SCP-4629
rating: +47+x

Item #: SCP-4629

Object Class: Euclid

ManAndSheep.jpg

Foundation personnel walking a group of sheep for initial SCP-4629 testing.

Special Containment Procedures: Foundation-operated bot I/O-BARAMYOU is to monitor the web for mentions of SCP-4629 occurrences in the real world. Assigned personnel are tasked with investigating the reports compiled by the bot, as well as administering amnestics to witnesses and deleting the mentions of the event in case of SCP-4629 occurrence being confirmed.

SCP-4629 references in various forms of media, specifically the video game industry, were deemed unlikely to cause a secrecy breach and are used as an additional disinformation campaign.

Description: SCP-4629 is a phenomenon that causes a spontaneous rise of pressure within the bodies of Ovis aries (Sheep) species and results in them violently exploding. SCP-4629 occurs when a member of the respective species (hereby SCP-4629-1) is touched by a human individual at least one hundred times within the time span of three minutes. The action has to be performed with either of the person's hands, and the physical contact has to be fully severed before repeating.

No biological changes were detected within SCP-4629-1's body during the process, but the animals were observed to show signs of increasing emotional distress. SCP-4629 was first observed in November 2003, and two more events occurred in the following decade outside of testing.

The initial investigation conducted in 2004 revealed SCP-4629's close resemblance to hidden available interactions from a number of video games. The most recent game depicting process similar to SCP-4629 at that moment was a real-time strategy "Warcraft III: Reign of Chaos"; in the game, if a player clicked on a neutral animal unit several dozen times in a quick fashion, it rapidly exploded. It was estimated that the phenomenon started occurring six months after Warcraft III was released. The game's lead programmer, an individual named Mike O'Brien (hereby PoI-1008) was brought into the Foundation custody and interviewed.

Addendum 4629: Interview Log

INTERVIEWED: PoI-1008

INTERVIEWER: Doctor B. Bishop

DATE: 15/08/2003


BEGIN LOG

Dr. Bishop: Hello, Mr. O'Brien. I'm here to ask you a couple of questions about your latest game.

PoI-1008: Hello. I'm, well… Flattered? I'm glad so many people are interested in the game, but I didn't expect this, you know. To talk about it in a place like this.

Dr. Bishop: Don't worry, this won't take long. We only wanted to know more about a specific interaction. The one that causes animals to explode after you click on them.

PoI-1008: Uh, exploding sheep easter egg? Yeah, it's a fun one.

Dr. Bishop: We wanted to know whether there's something unusual about this "easter egg". Do you remember how you thought of it?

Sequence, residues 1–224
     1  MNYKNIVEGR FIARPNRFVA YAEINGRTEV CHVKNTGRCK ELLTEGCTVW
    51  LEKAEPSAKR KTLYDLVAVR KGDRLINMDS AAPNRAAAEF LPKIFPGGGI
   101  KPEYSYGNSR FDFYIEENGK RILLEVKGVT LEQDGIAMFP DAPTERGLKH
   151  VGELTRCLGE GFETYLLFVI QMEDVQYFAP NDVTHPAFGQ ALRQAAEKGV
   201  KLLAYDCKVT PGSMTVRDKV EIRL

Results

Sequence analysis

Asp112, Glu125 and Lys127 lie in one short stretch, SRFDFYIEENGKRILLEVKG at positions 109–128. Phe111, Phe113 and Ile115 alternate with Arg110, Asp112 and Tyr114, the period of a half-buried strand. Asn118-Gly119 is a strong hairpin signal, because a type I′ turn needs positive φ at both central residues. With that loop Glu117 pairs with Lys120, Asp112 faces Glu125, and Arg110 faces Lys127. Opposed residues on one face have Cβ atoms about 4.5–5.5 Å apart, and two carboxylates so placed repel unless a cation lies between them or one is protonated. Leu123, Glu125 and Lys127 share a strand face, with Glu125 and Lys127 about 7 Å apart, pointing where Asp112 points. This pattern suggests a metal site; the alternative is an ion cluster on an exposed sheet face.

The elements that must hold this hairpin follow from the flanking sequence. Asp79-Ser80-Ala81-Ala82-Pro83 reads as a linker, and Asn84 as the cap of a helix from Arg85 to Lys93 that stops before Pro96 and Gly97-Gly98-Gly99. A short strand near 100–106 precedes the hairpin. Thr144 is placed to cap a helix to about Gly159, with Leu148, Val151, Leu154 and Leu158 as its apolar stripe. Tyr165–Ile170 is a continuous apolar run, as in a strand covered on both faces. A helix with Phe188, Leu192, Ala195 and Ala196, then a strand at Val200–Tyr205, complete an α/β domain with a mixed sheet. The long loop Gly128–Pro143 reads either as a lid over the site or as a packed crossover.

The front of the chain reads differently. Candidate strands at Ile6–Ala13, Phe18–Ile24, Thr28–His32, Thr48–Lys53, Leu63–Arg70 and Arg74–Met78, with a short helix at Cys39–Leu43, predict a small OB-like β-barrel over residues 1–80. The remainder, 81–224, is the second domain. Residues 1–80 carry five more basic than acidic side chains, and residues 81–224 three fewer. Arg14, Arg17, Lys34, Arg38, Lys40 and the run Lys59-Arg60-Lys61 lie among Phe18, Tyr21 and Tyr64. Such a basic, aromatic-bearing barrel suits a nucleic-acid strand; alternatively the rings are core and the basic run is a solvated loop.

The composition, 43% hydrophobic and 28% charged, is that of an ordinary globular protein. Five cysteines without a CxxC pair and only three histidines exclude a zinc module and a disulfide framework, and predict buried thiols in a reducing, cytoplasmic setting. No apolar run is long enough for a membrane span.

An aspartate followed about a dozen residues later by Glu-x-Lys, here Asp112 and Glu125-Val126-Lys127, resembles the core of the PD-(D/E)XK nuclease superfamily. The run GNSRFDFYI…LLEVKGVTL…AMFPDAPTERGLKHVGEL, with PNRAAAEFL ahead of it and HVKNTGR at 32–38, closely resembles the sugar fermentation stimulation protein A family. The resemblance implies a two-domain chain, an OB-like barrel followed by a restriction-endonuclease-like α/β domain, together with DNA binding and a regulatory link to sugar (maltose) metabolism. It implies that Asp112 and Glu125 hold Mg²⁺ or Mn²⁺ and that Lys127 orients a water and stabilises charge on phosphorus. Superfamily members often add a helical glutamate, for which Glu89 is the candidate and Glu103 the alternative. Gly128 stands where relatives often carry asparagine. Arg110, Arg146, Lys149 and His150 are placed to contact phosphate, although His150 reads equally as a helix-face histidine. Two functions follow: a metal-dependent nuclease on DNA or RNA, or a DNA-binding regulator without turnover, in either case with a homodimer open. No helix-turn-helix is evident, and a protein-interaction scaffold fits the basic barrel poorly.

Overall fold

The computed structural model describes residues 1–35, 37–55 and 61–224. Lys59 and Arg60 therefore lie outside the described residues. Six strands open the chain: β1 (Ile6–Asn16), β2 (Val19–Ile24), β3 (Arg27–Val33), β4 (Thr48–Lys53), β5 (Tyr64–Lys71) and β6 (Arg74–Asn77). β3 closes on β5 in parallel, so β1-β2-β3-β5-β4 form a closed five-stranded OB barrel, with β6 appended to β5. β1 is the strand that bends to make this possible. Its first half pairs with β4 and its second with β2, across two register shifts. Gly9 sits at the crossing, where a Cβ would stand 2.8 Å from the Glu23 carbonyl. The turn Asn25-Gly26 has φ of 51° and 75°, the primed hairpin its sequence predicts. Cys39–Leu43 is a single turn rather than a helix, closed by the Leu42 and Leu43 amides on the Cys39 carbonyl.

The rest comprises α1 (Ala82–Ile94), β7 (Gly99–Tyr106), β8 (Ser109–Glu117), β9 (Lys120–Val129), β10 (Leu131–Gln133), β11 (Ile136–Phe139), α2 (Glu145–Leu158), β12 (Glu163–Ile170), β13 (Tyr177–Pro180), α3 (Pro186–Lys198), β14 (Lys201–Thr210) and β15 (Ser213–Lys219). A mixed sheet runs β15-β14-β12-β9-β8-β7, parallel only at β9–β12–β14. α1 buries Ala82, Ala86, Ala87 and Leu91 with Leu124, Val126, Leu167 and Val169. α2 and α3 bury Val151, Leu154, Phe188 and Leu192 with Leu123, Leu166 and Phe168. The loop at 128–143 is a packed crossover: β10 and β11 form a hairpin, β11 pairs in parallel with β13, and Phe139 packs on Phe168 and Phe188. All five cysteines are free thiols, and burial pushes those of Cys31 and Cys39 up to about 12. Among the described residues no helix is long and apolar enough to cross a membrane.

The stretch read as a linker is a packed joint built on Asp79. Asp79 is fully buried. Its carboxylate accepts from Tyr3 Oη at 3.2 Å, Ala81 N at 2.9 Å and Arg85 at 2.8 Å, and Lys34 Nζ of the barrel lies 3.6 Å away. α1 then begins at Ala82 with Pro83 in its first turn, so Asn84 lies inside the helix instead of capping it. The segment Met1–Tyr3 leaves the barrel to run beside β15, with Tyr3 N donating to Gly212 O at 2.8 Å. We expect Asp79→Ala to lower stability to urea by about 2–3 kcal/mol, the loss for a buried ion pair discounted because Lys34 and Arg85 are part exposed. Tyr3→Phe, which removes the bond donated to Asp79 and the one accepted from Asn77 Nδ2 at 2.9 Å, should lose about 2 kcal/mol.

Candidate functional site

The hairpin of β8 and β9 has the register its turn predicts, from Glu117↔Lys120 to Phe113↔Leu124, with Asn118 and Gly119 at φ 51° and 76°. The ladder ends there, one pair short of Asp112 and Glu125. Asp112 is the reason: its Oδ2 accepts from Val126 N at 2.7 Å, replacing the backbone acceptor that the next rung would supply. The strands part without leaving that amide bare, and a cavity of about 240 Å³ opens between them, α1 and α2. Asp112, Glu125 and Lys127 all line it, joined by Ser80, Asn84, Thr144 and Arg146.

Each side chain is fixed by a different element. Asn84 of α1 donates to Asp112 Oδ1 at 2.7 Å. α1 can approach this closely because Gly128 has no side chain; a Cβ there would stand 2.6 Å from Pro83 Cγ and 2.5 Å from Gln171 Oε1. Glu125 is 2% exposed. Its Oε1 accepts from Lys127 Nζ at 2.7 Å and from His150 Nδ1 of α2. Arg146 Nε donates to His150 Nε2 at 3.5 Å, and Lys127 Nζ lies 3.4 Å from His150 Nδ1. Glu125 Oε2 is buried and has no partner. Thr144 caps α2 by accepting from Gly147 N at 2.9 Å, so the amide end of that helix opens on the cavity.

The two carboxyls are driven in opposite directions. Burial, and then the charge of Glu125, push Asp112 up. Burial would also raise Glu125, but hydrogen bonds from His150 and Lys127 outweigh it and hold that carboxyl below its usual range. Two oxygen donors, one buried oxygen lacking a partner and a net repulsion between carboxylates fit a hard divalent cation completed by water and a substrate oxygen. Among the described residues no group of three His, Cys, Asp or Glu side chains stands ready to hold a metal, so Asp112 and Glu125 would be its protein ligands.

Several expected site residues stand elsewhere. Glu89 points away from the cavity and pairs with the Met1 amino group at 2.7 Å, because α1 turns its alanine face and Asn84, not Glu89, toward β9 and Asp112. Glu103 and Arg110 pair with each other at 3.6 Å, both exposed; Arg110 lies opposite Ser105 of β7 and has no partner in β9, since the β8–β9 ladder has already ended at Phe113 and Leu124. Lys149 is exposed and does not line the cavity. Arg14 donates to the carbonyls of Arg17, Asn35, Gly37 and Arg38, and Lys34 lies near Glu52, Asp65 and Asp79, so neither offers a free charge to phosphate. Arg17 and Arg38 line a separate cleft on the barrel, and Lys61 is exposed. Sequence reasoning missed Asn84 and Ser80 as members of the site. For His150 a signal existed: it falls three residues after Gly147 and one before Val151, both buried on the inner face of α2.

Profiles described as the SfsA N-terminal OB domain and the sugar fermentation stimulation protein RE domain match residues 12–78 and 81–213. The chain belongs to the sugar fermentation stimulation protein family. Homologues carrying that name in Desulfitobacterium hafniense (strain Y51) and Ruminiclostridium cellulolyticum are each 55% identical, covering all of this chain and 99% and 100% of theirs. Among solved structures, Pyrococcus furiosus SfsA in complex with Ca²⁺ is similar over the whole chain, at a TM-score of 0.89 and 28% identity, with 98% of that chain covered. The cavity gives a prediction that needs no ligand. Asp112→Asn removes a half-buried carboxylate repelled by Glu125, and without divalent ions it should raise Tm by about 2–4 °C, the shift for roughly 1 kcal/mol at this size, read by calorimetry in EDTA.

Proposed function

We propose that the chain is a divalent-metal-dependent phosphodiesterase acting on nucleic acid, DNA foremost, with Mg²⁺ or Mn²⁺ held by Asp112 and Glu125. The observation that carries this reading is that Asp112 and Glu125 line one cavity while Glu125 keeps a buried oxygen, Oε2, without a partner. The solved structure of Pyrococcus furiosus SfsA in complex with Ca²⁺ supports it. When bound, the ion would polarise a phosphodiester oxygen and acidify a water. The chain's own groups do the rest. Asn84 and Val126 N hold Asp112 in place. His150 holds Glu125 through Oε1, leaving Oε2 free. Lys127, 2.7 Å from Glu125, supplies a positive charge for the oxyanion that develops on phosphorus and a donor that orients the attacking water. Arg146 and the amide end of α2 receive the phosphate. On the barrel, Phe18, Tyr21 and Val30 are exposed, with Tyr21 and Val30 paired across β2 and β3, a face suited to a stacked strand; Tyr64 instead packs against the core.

PoI-1008: Well, once I saw a sheep blow up after being poked a bunch of times, so that was the inspiration I guess.

Dr. Bishop: …You did? Was it after you started developing the game?

PoI-1008: Oh no, it happened a pretty long time ago. During summer, I was ten or so at a time. I and my parents went to a friends' farmhouse to celebrate, uh, a birthday I think. The place had a grass field nearby, and a dozen grazing sheep.

(PoI-1008 pauses)

PoI-1008: As far as I recall, when we were arsing around on that field, we realized those sheep reacted if you touched them. You'd poke, and they'd go "baa" or "meh". I don't remember whose idea it was, but we decided it'll be fun to poke a single sheep a bunch of times. Like, very rapidly. We weren't smart kids.

(PoI-1008 chuckles for a moment)

PoI-1008: So, one of us, Fred I think, did it for a minute and then boom. The sheep is in pieces and the poor guy stands there covered in blood from head to toe. Others started screaming and running away, but I personally thought the whole thing was fucking hilarious. In a dark way, you know?

Dr. Bishop: Uh, I guess?

PoI-1008: (Laughs briefly) The parents didn't believe us, of course. And after some time, I also started to doubt whether I really saw that. Dunno why I remembered this situation years after, but when we were making Warcraft, I just thought of it and pitched my idea to other folks in the studio. They agreed it'll be a fun thing to include. Didn't think much of it since, honestly.

Dr. Bishop: You were ten at the time, so you're saying the phenomenon was occurring as early as 1983?

PoI-1008: (Shrugs) I guess. Anything else you wanted to know?

Dr. Bishop: No. That is all, thank you for your cooperation.

END LOG

Afterword: PoI-1008 was deemed unresponsible for SCP-4629, administered Class-A amnestic and released. The individual and related persons were then disinformed regarding the event that occurred during the summer of 1983 to conceal the true nature of SCP-4629.

An additional investigation into the phenomenon's origin was conducted, during which the assigned personnel inspected various printed media, writings, and folklore. In total, twelve mentions of SCP-4629 were located in texts and verbal sources such as urban legends, situated in different countries and compiled during different time periods, with the earliest mention being dated by the sixteenth century. The phenomenon was mostly attributed to an unknown illness, witchcraft, or paranormal events. Neither of the observed sources gained widespread attention due to lacking in prominence and/or credibility in the eyes of the general public.

It is currently believed that SCP-4629 existed for at least five hundred years, but remained unknown to the civilian population due to complicated and extremely obtuse requirements for its occurrence.

Unless otherwise stated, the content of this page is licensed under Creative Commons Attribution-ShareAlike 3.0 License